The World Health Summit in Berlin is a leading strategic forum for global health first held in 2009. Every October, it draws international experts from academia, politics, the private sector and civil society to Berlin for a three-day summit, where stakeholders and decision-makers from 100 countries and every field in healthcare seek solutions to global health challenges.
At this year’s virtual Summit, co-chairs Dr Julie Torode of UICC and Anja Nitzsche of IAEA led a discussion on national progress, persisting challenges and opportunities for innovations to expand access to cancer diagnosis, treatment and palliative care. Representatives from government, clinical community, industry and advocates shared perspectives with country examples from Colombia, Bangladesh, India, Nigeria and Mexico. The full session co-hosted by IAEA and Varian Medical Systems can be heard here: “Radiation Therapy as an Essential Component of Cancer Control”.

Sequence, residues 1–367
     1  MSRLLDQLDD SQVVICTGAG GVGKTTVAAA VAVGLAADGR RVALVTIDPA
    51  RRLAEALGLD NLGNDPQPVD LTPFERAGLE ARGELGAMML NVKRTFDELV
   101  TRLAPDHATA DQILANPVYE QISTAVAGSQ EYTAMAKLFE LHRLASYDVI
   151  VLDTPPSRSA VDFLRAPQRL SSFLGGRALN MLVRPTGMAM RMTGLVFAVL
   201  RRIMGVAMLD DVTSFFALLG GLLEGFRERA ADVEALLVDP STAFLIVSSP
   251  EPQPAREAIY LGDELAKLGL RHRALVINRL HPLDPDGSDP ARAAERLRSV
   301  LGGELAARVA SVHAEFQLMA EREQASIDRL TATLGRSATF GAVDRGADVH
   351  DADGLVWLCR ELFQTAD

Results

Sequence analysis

IAEA reported on the event, highlighting its collaborations focused on education and capacity building partnerships, alongside the introduction of technological improvements. Panellists underscored the essential role radiotherapy will play in achieving the targets set out in the Global Strategy to Accelerate the Elimination of Cervical Cancer and also the threat to current advances made in cancer control due to disruptions from COVID-19, while recognizing the pandemic has also been a driver for acceptability and faster uptake of innovations particularly in the realm of e-health, remote consultations and treatment planning.
Rafael Mariano Grossi, Director General of IAEA took a particularly strong advocacy stance, pledging full IAEA commitment to working in partnerships and “to do more and be better” in driving equitable cancer control services." He called on the cancer community to “join forces and roll up our sleeves, there is a lot to be done”.
“The status quo of 1 in 4 countries not having access to radiotherapy and almost half of the African continent still not being equipped with even one radiotherapy unit is unacceptable."
– Rafael Mariano Grossi, Director General, International Atomic Energy Agency
The panellists who took part in the session: